The hybrid work model has arrived - with fewer desks but a big focus on smart tech and wellbeing
Boris Johnson's unveiling of the routemap out of lockdown over four months means business leaders now have a timeframe in mind when thinking about a return of employees to the office. Conversations around remote, flexible and hybrid ways of working have been going on for months - with firms looking at how changing work habits and safety requirements will affect their built asset needs.
This is where Sarah-Jane Osborne enters the picture. Osborne, who is the head of workscape at Arcadis, leads a team working with 1,600 clients to help evaluate the needs of their workforces and how to translate that into their office space. It is a specialism massively affected by the changes brought about by the pandemic. While the team works with companies across all sectors of the economy, there is one project that stands out: Arcadis' own impending move from its King’s Cross base to a new London headquarters at 80 Fenchurch Street in the City this June.
Osborne was already working on plans for the consultant’s office before the pandemic hit, but the first lockdown in March last year called for a rethink: “So I joined Arcadis as head of workplace in December 2019 and what’s been really interesting in this period of time is running our own project, and building in all of the strategy that we had for that pre-covid and then adapting that for people coming back after the pandemic,” she says.
Last week it became clear that Arcadis was reducing the headcount capacity of its HQ office as news broke that it was moving from its home of 15 years to what has been dubbed EightyFen, where the consultant will occupy two floors covering 40,000ft2. The firm, which had accommodated 1,200 people at its King's Cross base, decided its new office will cater for around 400, just a third of its London workforce, at any one time, with fixed desks largely becoming a thing of the past. The pandemic has also increased the focus on wellbeing so that time spent in the office is for collaboration and interaction with colleagues. It has been Osborne's task to make sure the new premises are fitted out with all the latest tech to make sure the reduced floorplate actually works in practice.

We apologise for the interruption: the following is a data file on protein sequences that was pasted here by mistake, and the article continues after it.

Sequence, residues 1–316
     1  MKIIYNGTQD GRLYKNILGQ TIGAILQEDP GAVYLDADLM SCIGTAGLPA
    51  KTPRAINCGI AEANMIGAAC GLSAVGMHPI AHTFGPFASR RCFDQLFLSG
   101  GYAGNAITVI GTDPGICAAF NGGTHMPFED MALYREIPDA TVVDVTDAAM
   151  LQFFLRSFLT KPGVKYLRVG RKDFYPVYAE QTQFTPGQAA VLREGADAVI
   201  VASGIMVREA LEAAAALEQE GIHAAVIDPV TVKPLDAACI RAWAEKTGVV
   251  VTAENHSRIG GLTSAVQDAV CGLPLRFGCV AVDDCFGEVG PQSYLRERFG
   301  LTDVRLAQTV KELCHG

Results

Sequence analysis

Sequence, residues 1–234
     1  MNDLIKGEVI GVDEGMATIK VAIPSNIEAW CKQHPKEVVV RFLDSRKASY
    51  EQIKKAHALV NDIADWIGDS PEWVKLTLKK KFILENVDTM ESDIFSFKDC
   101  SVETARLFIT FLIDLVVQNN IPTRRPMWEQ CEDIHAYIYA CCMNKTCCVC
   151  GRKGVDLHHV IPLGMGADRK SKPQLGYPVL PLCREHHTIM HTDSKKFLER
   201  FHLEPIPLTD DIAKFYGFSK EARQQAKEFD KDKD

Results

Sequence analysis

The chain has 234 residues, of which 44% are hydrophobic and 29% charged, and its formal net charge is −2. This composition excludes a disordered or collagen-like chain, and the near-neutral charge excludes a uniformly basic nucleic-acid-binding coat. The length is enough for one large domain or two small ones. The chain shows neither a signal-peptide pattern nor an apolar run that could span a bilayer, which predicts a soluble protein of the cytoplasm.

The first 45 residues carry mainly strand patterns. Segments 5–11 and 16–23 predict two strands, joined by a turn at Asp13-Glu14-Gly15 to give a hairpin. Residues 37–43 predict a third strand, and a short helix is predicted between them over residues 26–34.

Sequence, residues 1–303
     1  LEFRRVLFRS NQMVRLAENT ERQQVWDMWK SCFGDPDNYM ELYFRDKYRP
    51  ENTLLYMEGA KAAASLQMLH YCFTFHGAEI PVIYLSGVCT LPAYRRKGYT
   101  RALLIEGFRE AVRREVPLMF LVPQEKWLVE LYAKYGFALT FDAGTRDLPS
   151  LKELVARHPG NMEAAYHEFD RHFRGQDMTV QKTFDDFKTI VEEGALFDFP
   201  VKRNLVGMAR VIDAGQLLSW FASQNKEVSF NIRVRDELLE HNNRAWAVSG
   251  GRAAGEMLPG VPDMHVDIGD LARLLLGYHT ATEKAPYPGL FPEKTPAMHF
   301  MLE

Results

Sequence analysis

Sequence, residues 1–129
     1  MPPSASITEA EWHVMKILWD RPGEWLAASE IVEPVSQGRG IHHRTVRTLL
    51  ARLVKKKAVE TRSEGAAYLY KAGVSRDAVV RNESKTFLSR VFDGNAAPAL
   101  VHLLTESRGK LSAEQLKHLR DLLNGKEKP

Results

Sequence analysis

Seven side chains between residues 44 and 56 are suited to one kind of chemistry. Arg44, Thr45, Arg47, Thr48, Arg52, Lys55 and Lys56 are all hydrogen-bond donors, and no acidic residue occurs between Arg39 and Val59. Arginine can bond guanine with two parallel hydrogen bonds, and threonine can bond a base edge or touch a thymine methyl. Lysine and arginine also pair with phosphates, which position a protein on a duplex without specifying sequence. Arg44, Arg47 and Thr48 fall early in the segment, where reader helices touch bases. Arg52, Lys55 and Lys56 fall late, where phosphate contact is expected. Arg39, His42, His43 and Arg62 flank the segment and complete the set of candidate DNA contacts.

To plan the move into EightyFen, which was built by Skanska under a £136m deal, Osborne says there was a digital “deep-dive" exercise to understand what employees actually do in their day to day jobs. “We did a really thorough review of the roles, how they may change over time, and what we would want from our workplace,” Osborne says.
This was done using the firm's own digital tool, known as Arcadis Insight Mapping and Blueprint, which maps the space against people's jobs, the techonology they neeed and user experiences and preferences.“We were really careful to have data-backed evidence about how much space we felt we should be taking to enable all of the innovation we wanted to happen and to integrate the needs of our clients,” says Osborne.
We were really careful to have data-backed evidence about how much space we felt we should be taking
Sarah-Jane Osborne, head of workplace, Arcadis
Employees were also asked to explain what they missed most when working virtually during lockdown. “The thing that I think a lot of people are missing is what I would call the space in between the meeting,” she says. “Often something isn’t fully solved in a meeting and you might just grab a coffee on the way from that meeting and those corridor conversations are what would help to resolve an issue or just pick up on a nuance or a subtlety.” She says these “in between” spaces and casual interactions are what people have missed and therefore a priority in Arcadis’ new office space.
Osborne says her team has introduced “decompression spaces”, designed to reduce the stresses of a commute before starting the working day where employees can take off trainers, leave jackets, access lockers, get a coffee and take a beat to unwind. “That has been the biggest fundamental shift in approaching our own workspaces,” she says. “Instead of thinking ‘we need a cafe, tick, lockers, tick’ we are thinking of the places we need based off user journeys and user experiences.”